Saturday, June 6, 2015

Nichelle Nichols is Still Going Strong!

Heard that our favorite communications officer/space chantuse is under the weather...
...but, according to Entertainment Weekly, it was a mild stroke and she's recovering with just a little imparement to movement on her right side.
Hey, she's 82 and in better shape than a lot of women decades younger than her!

Friday, June 5, 2015

Reading Room JOURNEY INTO MYSTERY "Alien on Earth"'s an earlier rendition of the oft-used concept, with one of the weirdest-looking Jack Kirby aliens I've ever seen!
Jack Kirby and Christopher Rule, who did the cover of the re-do, illustrated this never-reprinted tale from Atlas' Journey into Mystery #51 (1959).
As for who wrote it, the consensus on various sites, including the Grand Comics Database, is that it's the work of Kirby himself.
For those clever readers who noted both this story and the reworking in World of Fantasy were both published in 1959, this one came out six months earlier, and the "job number" for "Alien" (T-165) is earlier than the one on "Gargoyle" (T-345).
Usually, Stan Lee (either as editor or writer) made sure that such similar plots or reworkings were a couple of years apart.

Thursday, June 4, 2015

Reading Room WORLD OF FANTASY "Gargoyle From the 5th Galaxy!"

Is this a kool cover, or what?
But, this sandals-wearing Jack Kirby-Christopher Rule scarlet alien isn't inside the comic!
Instead, we get a more humanoid, less "traditional" gargoyle-looking green alien!
To be fair, he does breathe fire, like the guy on the cover...
Plotted by Stan Lee, scripted by Larry Lieber and superbly-rendered by Don Heck, this tale from Atlas' World of Fantasy #19 (1959) was acutally a re-do of an earlier story (by Jack Kirby, no less), which we'll present tomorrow!
BTW, though the story was reprinted in the 1970s, the cover has never seen republication!

Wednesday, June 3, 2015


But sci-fi fans have known the truth about flying saucers for years...nay, decades!
Here's a never-reprinted strip about a boy and his personal flying saucer from the 1950s...
...from a short-lived company that only put out two titles with a combined total of nine issues!
Artist Carl Hubbell (no relation to the Hall of Fame baseball player) illustrated over 300 tales from the late Golden Age through the Silver Age at almost every company in the business.
Sadly, the writer of this premiere installment of the series in Good Comics' Johnny Law: Sky Ranger #1 (1955) is unknown.
BTW, the company name was not a boast, the publisher was Edmond Good, an artist with both newspaper and comic book credits from the beginning of the Golden Age to the end of the Bronze Age.

Tuesday, June 2, 2015

Reading Room ASTONISHING "The Scientists" Stan Lee and Steve Ditko, we had no idea it was a reworking of an earlier tale in Atlas' Astonishing #9 (1952) by Stan Lee and Harry Lazarus!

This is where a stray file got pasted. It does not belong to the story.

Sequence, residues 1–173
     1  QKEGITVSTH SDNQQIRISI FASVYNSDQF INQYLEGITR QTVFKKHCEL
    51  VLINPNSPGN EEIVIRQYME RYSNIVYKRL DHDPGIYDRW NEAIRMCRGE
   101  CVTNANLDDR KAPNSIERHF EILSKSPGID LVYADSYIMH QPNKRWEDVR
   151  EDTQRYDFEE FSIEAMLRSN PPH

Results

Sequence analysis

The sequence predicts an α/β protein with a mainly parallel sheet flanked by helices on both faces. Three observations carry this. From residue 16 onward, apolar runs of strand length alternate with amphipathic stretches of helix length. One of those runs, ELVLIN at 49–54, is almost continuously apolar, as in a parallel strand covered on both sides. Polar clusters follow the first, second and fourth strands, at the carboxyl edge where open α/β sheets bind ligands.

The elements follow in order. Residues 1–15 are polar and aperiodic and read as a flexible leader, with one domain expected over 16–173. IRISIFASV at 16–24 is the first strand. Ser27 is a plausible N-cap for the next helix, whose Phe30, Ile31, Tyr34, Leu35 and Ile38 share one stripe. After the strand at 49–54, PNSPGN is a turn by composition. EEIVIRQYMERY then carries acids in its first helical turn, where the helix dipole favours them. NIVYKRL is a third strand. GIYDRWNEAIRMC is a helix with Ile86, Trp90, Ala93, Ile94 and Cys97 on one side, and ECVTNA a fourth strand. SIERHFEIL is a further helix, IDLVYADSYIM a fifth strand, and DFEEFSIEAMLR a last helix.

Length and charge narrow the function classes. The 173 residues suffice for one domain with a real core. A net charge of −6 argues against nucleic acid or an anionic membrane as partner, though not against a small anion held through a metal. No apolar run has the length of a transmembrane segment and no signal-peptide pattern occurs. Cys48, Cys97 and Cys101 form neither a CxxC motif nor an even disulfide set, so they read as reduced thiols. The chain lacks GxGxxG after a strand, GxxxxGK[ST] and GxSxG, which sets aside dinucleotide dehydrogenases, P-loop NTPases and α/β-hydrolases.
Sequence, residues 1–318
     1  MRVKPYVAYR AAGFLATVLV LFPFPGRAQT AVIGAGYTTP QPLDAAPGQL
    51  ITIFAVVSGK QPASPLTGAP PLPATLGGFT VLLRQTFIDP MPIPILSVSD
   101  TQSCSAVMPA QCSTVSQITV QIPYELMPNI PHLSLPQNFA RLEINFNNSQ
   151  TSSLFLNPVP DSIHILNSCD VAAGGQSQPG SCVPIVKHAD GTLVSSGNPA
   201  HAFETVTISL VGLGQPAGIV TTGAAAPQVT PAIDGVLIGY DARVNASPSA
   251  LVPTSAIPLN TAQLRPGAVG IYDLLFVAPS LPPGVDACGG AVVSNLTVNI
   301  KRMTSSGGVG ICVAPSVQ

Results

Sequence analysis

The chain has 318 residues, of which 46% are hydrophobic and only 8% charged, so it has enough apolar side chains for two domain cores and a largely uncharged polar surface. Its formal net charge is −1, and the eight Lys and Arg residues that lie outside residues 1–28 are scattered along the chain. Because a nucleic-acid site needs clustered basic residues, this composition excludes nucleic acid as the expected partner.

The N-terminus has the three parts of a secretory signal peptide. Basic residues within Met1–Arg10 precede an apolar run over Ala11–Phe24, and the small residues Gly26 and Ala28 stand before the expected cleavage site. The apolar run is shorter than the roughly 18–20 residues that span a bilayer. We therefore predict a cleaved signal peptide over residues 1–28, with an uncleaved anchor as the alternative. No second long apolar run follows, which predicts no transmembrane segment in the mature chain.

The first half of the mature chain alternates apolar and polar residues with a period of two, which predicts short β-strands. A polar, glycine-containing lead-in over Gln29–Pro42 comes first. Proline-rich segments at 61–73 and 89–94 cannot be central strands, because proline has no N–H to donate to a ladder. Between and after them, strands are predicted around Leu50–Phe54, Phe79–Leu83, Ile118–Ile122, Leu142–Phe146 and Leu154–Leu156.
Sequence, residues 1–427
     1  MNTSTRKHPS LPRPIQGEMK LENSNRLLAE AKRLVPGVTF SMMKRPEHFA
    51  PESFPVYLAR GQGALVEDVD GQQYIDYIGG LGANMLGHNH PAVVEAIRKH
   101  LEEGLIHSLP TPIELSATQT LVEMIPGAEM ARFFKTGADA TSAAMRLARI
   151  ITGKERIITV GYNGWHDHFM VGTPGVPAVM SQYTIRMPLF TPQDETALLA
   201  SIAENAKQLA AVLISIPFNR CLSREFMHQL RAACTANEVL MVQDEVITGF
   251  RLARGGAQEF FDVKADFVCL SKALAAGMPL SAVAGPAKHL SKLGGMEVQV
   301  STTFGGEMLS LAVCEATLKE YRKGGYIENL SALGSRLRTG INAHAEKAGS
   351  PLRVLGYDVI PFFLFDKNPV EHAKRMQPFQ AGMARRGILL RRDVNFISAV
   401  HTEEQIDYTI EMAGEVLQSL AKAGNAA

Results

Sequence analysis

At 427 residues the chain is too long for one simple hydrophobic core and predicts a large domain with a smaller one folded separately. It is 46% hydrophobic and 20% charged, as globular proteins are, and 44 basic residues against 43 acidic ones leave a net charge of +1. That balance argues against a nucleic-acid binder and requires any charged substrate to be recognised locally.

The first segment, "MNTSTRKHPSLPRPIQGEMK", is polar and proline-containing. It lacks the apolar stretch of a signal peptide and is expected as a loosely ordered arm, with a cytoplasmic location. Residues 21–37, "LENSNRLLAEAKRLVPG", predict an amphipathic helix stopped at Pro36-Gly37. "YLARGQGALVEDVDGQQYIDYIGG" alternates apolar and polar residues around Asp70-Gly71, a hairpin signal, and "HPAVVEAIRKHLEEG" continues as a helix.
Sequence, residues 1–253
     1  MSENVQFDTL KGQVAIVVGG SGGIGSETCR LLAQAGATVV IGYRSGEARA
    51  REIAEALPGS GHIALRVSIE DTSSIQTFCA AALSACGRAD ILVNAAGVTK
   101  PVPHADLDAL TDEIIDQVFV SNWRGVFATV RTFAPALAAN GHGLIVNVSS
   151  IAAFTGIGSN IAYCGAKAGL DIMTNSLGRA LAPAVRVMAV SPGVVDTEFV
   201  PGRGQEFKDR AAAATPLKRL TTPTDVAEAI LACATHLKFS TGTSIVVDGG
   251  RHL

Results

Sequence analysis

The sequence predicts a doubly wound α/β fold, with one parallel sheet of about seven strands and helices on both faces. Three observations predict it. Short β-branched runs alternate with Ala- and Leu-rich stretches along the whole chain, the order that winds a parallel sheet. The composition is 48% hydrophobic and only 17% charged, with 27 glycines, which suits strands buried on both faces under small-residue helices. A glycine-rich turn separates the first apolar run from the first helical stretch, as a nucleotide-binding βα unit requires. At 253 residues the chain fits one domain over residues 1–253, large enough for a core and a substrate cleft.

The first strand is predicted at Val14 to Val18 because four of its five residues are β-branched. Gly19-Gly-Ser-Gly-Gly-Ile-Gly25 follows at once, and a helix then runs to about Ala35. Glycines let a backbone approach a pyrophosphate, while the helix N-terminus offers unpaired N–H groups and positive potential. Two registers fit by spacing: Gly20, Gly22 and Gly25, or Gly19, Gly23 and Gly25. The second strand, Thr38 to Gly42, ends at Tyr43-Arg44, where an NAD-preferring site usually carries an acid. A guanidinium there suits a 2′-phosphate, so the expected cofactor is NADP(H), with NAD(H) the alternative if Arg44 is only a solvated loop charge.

The original is a page longer and has some rather witty touches which put the lie to the concept "If our meddling with time changed anything, we'd notice!"
This never-reprinted story (like the reworked version, "Those Who Change") is based on one of the basic rules of time-travel; "don't change anything in the past, or you'll alter the future"...which is in direct contradiction to another of the basic rules of time-travel; "no matter what you do, you can't change the future".
Hey, I'm just telling you the rules.
I never said they made sense...

Monday, June 1, 2015

Reading Room TALES OF SUSPENSE "Voice of Doom"

Remember when we presented this kool tale a couple of weeks ago?
We discovered it was a reworking of an earlier story, plotted b Stan Lee, scripted by Larry Lieber, and illustrated by Carl Burgos, that appeared in Atlas' Tales of Suspense #4 (1959)!
The primary difference is that the original tale used a ham radio rather than the blurry tv screen of the later story, so the visualizations of the war were only in Fred's mind, the same way classic dramatic radio dramas of the 1930s-50s used dialogue, music, and sound effects to make the listeners' imaginations create the scenario!
Writer/artist Carl Burgos was one of the seminal creators of the Marvel Universe.
His creation, the Golden Age Human Torch was the cover-featured character on the first Timely (later Marvel) comic called (appropriately) Marvel Comics!
(Burgos showed a marked preference for android heroes, creating not only the original Human Torch, but the White Streak, and the first Silver Age Captain Marvel!)
This particular tale remained lost to history until the first (and only) reprinting in Marvel Masterworks: Atlas Tales of Suspense Vol 1 (2006), over half a century later!
Which version do you prefer?

Sunday, May 31, 2015

25% Off on Customized-Birthday 2015-2016 12-Month Calendars!

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